Health Care in Danger (HCiD) is an ICRC-led project of the Red Cross and Red Crescent Movement started in 2012. It aims at improving the efficiency and delivery of effective and impartial health care in armed conflict and other emergencies.
Within the framework of the initiative, medical ethics constitute a major area of cooperation between the ICRC and the World Medical Association (WMA). This was formalised by a Memorandum of Understanding signed on the 26th of June 2013. With this agreement, the WMA aims to cooperate closely with the ICRC within the framework of this project, especially by addressing the responsibility of healthcare personnel in armed conflicts and other emergencies.
In June 2015, civilian and military healthcare organisations, including the WMA, adopted the first-of-its-kind code of ethics, the “Ethical Principles of Health Care in Times of Armed Conflict and Other Emergencies“. The first principle provides that “Ethical principles of health care do not change in times of armed conflict and other emergencies and are the same as the ethical principles of health care in times of peace”.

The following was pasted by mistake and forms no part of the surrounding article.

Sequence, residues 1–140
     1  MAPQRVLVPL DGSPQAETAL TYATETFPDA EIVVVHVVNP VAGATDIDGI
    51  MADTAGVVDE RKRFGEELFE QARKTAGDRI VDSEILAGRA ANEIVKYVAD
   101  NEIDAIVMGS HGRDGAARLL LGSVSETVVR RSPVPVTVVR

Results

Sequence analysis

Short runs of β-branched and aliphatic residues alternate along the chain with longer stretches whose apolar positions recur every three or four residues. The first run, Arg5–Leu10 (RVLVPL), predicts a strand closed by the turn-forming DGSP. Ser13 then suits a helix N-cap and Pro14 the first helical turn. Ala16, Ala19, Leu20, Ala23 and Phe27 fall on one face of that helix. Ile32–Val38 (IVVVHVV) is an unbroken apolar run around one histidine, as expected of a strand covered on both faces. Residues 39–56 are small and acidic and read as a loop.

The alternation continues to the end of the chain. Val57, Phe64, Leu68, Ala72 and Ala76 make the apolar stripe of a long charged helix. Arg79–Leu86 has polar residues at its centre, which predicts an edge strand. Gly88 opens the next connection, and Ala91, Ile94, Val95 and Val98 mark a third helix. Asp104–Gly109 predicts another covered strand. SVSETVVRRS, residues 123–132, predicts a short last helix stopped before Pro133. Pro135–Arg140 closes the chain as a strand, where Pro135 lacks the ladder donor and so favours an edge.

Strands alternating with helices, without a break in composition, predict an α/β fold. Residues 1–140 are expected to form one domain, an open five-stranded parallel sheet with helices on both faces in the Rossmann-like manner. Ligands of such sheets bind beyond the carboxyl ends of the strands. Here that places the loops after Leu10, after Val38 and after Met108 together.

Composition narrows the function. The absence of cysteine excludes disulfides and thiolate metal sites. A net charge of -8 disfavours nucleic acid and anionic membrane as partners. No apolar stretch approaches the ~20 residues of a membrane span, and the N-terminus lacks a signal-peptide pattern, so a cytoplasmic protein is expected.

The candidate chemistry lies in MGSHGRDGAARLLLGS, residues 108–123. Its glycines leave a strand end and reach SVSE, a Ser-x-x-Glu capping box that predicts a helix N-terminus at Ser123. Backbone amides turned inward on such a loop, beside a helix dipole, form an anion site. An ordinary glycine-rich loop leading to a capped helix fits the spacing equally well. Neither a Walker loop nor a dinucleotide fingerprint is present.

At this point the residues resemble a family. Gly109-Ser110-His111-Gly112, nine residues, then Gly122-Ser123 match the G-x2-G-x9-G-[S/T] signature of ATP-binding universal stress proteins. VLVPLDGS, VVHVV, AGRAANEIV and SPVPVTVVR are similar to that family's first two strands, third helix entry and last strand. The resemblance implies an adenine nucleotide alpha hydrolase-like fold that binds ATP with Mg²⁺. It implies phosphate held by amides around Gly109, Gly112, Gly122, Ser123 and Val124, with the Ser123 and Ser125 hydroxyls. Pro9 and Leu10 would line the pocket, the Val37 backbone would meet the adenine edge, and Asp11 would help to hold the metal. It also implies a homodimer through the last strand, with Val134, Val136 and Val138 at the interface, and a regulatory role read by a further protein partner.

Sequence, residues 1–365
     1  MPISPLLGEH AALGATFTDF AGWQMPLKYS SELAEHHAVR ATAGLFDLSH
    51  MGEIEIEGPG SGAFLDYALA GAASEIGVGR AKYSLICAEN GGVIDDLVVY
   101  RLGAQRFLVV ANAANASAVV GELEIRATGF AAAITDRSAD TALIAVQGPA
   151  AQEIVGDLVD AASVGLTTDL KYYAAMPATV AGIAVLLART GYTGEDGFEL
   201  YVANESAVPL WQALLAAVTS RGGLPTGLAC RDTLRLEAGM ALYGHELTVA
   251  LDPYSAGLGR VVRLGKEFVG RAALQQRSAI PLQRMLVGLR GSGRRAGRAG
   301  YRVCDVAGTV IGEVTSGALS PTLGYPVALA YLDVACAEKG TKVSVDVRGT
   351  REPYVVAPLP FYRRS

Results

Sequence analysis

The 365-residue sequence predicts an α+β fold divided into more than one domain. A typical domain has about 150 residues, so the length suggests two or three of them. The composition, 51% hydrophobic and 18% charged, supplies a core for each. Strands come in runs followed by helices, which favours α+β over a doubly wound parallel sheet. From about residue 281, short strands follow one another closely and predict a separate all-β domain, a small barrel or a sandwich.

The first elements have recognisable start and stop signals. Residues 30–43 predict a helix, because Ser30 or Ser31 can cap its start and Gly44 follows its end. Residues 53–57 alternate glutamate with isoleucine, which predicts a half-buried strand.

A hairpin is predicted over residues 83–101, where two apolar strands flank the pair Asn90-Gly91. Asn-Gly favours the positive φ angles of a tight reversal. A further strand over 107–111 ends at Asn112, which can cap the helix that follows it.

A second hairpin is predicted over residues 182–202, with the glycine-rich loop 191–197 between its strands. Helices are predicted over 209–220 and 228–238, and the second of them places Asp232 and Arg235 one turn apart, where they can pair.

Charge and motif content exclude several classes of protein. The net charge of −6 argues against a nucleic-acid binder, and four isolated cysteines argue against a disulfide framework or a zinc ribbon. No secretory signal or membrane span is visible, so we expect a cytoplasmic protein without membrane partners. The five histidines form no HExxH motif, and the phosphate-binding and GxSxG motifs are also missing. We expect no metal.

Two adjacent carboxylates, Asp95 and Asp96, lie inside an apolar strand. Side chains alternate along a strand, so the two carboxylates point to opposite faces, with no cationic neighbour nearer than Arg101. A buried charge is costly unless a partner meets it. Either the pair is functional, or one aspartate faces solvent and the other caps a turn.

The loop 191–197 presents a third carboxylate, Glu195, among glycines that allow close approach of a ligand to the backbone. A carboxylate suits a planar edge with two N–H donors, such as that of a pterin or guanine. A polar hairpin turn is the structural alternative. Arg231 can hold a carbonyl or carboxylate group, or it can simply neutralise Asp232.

The HCiD initiative has highlighted six priorities where the steps from the commitment to meaningful action needs to be prioritised by all those concerned. For each of these priority areas, recommendations and practical measures were identified to assist the different stakeholders to take action.
In the context of the Covid-19 pandemic, global organisations have joined their voices in a call for protection of healthcare workers from violence: 13 medical and humanitarian global organizations representing more than 30 million healthcare professionals have issued a declaration condemning increasing incidents of attacks against health workers and facilities.